The president of Spain’s Catalonia region has called for mass demonstrations next week, vowing to press ahead with an independence referendum – a move that the central government in Madrid insists would be illegal.
“We have the full force of the state against us,” Carles Puigdemont told a meeting of party officials on Saturday in the city of Barcelona.
“Faced with judicial proceedings and threats … the regional government is more determined than ever” to hold the plebiscite as planned on October 1, he said.
On Wednesday, Catalonia’s regional parliament voted to push ahead with the referendum, sparking the country’s deepest political crisis in 40 years.
In the early hours of Friday, the separatist-controlled body upped the ante by passing a bill outlining a transition to a possible independent republic.
Spanish Prime Minister Mariano Rajoy shot back at the Catalan government’s plans.
“There will not be a referendum,” he told officials from his conservative Party Popular on Saturday.
“It’s my duty to preserve national unity,” Rajoy said, adding that the laws passed by the regional government paving the way towards a referendum “illegal and anti-democratic”.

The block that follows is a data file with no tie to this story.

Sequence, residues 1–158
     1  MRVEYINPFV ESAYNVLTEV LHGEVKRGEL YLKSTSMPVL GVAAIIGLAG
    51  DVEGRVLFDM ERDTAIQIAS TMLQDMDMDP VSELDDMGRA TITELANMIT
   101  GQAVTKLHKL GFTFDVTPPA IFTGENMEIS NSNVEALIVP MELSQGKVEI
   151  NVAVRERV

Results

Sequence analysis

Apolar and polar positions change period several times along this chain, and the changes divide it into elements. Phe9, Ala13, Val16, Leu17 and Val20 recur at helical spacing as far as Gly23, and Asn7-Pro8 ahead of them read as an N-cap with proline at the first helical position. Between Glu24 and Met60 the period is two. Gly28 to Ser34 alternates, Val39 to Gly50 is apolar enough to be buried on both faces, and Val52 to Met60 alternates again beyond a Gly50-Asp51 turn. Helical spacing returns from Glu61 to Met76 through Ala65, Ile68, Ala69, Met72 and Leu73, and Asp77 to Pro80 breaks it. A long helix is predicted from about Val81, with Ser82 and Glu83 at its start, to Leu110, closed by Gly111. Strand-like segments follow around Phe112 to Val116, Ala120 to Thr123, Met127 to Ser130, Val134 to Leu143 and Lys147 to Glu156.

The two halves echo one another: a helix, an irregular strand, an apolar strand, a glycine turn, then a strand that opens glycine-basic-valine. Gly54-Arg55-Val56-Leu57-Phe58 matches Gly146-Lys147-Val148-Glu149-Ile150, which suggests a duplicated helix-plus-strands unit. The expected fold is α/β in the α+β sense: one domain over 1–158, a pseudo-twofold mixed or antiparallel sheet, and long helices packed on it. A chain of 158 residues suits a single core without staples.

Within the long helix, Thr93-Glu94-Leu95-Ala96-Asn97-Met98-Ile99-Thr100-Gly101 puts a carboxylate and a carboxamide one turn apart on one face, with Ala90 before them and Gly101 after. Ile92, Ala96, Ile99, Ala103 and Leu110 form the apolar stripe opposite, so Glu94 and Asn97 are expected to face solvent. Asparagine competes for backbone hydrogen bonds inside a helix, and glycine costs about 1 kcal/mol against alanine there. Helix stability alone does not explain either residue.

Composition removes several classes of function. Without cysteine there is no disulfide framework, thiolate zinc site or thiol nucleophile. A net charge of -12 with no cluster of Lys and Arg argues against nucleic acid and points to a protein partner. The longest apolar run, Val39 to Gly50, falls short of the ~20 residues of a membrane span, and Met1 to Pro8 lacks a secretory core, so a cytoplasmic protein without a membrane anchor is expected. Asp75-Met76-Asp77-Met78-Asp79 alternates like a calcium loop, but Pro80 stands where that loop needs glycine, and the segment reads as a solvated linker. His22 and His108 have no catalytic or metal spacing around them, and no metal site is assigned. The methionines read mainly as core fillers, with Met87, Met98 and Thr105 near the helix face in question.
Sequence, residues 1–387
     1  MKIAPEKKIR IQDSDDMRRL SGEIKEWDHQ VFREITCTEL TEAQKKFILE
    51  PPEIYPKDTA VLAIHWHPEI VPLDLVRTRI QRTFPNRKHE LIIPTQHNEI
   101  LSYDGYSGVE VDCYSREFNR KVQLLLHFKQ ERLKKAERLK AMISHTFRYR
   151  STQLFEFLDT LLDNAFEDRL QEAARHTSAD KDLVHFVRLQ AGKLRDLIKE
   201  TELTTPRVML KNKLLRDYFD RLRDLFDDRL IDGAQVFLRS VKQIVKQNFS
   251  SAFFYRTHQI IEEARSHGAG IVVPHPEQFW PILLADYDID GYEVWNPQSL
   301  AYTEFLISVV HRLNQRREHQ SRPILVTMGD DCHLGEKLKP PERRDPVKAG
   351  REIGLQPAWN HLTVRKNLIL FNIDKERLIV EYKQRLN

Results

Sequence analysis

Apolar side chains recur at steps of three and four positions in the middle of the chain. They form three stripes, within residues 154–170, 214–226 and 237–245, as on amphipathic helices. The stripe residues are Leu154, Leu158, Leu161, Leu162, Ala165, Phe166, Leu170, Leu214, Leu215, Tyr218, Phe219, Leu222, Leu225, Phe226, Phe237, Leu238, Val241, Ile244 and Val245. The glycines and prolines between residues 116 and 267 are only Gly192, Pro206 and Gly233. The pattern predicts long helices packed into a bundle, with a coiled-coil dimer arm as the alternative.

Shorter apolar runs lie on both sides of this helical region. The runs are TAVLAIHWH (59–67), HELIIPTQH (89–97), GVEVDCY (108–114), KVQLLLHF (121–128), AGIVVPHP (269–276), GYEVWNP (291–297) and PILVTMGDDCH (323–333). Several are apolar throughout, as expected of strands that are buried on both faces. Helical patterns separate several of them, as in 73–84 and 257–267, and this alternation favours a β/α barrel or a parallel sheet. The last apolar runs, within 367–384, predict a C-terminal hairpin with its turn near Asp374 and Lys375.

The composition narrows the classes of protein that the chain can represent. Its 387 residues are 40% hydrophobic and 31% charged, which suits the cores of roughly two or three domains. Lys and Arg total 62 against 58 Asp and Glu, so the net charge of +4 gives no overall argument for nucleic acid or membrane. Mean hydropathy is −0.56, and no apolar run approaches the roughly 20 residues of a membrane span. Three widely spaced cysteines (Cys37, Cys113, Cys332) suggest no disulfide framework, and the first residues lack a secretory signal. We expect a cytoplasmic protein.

As it was expected, Spain’s Constitutional Court on Friday suspended the call for the referendum after agreeing to review an appeal by central authorities in Madrid.
Puigdemont, a lifelong proponent of independence for the wealthy region in northeast Spain, is hoping to mobilise supporters in a show of legitimacy in the face of Madrid’s threats to halt the vote by any means possible.
He urged supporters of independence to take to the streets on Monday – the region’s national holiday.
“On Monday, we will overwhelm them peacefully and democratically, as always,” he said.
Opinion polls show that Catalans are evenly divided on independence. But more than 70 percent want a referendum to take place to settle the matter, similar to the plebiscite held in Scotland in 2014.
The Catalan government staged a symbolic independence referendum in 2014, when more than 80 percent of participants voted to split from Spain – though only 2.3 million of Catalonia’s 5.4 million eligible voters took part.
The Catalonia region, centred around Barcelona, generates 20 percent of Spain’s gross domestic product and has a population of 7.5 million people. It self-governs in several important areas, including police, health and education.
But key issues such as taxes, foreign affairs and most infrastructure are in the hands of the Spanish government.
Both Catalan and Spanish are spoken, and many Catalans feel strongly about their cultural heritage and traditions.